She does miss her Nana and Papa and Grandpa and cousins and aunts and uncles at home, though. And she talks often of her beloved Gramma Judy (Chris' mom), who died suddenly on January 4th. Her loss felt acute to us as we were moving and leaving our life in Minnesota. It seemed somehow to widen the chasm. We miss her greatly.


So we have sadness and joy, loss and gain, goodbyes and hellos. We step forward, with resolve to see the gifts in life—not to dismiss or ignore the pain—to feel it all. But sometimes when things get hard, these human minds forget to soak in the joys and give attention to what's good and whole and beautiful.

My heart overflows with gratitude for the life, the love, the people I've been given—past and present.

Happy Valentine's Day! May we all find ways to love our big people and our little people better.

(All photos were taken at our wedding by Emily Steffen)

Wednesday, January 1, 2014

New Year, New Life

Happy New Year to you all!

Today I embark on a journey across the country with my groom. The man of my prayers and of my dreams. I start the year with him--moving into a new life and a new home. I am absolutely filled up with gratitude and joy!



Just eleven days ago, we spoke life-changing vows to each other. And how lovely it all was! We feel so happy and so blessed. Thank you for your prayers and your love and your encouragement.

More soon!

Photography by my dear friend, Emily Steffen. 

Thursday, November 21, 2013

Love Story

Several weeks ago, I promised to tell you my story. Forgive the long delay! Life has been quite busy!

So, here I finally am. Where do I start?

When Chris was dying, he talked with me at length about getting married again. He said, "you do better married," and he wanted a father for his sweet girl. So, he told me things like, "Don't wear your wedding ring on your left hand very long." He prayed that the Lord would bring Erika and me a godly man who would love and care for us as he did. And he told all of our loved ones who visited that they should encourage me to get married again soon.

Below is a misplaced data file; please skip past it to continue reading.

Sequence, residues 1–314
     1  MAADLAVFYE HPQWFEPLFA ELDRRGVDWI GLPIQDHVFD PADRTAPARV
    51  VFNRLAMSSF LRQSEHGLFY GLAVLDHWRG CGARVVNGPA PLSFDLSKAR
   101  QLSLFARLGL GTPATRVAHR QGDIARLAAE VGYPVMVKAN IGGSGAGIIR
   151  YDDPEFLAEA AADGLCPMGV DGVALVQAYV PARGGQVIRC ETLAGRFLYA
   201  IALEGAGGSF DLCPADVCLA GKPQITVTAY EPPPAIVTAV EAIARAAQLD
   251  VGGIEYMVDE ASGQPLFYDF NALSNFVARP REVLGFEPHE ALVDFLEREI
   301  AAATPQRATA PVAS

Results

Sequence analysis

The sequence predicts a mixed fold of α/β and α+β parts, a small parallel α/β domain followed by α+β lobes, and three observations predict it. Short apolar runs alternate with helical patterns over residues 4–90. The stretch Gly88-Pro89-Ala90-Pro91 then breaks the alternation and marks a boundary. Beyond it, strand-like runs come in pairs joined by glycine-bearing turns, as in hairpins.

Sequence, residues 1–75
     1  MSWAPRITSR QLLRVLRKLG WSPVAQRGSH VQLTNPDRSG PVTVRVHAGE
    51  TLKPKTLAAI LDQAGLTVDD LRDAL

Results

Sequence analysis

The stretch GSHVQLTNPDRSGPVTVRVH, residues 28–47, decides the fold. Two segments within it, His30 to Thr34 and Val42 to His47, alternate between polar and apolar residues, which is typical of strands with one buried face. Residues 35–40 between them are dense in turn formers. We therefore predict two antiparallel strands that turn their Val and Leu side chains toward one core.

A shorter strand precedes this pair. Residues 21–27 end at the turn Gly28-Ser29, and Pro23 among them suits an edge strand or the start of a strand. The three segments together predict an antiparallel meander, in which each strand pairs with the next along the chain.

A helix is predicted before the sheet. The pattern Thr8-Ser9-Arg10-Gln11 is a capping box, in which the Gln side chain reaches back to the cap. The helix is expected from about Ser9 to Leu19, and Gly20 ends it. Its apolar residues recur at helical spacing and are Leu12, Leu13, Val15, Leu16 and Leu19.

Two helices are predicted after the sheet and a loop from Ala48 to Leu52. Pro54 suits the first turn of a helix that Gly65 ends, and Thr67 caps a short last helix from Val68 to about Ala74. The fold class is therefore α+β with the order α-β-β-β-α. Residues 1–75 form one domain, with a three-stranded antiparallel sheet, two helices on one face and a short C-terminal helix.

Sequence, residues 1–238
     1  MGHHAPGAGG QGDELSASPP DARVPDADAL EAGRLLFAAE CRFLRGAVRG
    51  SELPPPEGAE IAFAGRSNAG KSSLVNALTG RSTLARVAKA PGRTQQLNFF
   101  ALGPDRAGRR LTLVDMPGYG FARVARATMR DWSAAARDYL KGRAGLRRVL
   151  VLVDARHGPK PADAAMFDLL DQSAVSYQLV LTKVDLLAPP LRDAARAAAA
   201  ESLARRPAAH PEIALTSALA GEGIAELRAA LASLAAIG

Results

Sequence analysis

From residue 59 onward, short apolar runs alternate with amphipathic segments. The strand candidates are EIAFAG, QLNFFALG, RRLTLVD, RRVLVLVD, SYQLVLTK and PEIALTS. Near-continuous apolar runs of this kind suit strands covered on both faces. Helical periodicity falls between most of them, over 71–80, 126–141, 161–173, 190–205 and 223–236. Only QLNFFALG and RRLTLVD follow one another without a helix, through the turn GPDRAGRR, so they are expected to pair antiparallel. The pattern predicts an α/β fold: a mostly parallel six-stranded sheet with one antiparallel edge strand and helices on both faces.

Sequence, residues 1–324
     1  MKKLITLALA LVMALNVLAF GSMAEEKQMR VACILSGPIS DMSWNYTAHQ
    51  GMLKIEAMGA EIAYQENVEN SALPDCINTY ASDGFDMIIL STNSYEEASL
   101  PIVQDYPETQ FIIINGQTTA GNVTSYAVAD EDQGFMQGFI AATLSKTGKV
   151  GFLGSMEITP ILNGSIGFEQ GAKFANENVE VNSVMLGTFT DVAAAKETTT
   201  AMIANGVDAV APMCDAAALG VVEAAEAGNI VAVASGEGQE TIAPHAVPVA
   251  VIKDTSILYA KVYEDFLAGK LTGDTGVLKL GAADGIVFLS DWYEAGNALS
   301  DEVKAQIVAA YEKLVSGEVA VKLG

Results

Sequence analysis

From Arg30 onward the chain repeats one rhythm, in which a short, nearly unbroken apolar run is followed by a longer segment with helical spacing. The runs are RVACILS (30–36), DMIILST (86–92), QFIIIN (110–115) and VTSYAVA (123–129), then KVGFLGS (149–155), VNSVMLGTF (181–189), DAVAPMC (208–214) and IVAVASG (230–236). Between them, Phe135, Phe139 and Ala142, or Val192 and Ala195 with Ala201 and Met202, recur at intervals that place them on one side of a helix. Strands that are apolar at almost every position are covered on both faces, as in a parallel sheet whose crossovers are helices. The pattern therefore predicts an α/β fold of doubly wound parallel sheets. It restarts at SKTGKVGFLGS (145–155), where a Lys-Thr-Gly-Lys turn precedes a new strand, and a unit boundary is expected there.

This all perhaps sounds odd to some of you. You may say, "I could never imagine getting married if I lost my spouse." Things look very different, though, when you are a parent with a young child and when you treasure the sweetness of marriage and companionship. I used to feel a bit sad about there being "no marriage in heaven." But what a beautiful truth that is to me now! I am free and blessed to marry again! And Chris wanted it for me. What a gift he gave me--to release me to another.

And so from the beginning of my widowhood, I began praying for a husband. I prayed these things: that he loved the Lord and was in ministry for Him; that he had suffered some loss, in order that he might be able to understand my daughter's and mine (I hoped for a widower, but I did not specifically pray for that); and that he had a daughter, so that he might have a heart for mine.

I admit--I kept my eyes open for this kind of man. I did not see him around. Several people suggested "going online." I hesitated but did think about it for a while. Eventually (last December), I decided to make a profile on Sovereign Grace Singles.

In January, I began corresponding with a widower. We started writing about our losses--something both of us needed and wanted to do. We talked about the nearness of our God and all of His comforts. It was sweet fellowship, and we found ourselves writing volumes to each other each day. There was so much to say, and we felt we never really got to say it all. So, we decided to talk on the phone a few weeks after we began writing.

I think my sister saw the writing on the wall. She warned me: don't fall for this guy. He was 15 years older than I, a missionary (to the Middle East, but currently living in Washington state), and a father of 5 children. "A lot." Alot of years, a lot of ministry, a lot of kids.

The phone call was four hours long. Immediately I loved the smoothness of his voice. I thought he was articulate and thoughtful, and I enjoyed talking with him--immensely. I saw the heart he had for the hurt his children were suffering. I saw his clinging to his Lord through the storm. We talked about our beloved lost spouses--Chris and Bev.

We continued writing and also started talking a lot. And then I made the first move. I told him (in an email!) that I would like to pray about being "more than just friends." It became clear to me that he possessed the qualities for which I had prayed. He agreed to pray about. He called me "Ruth"--who made the first move on her Boaz.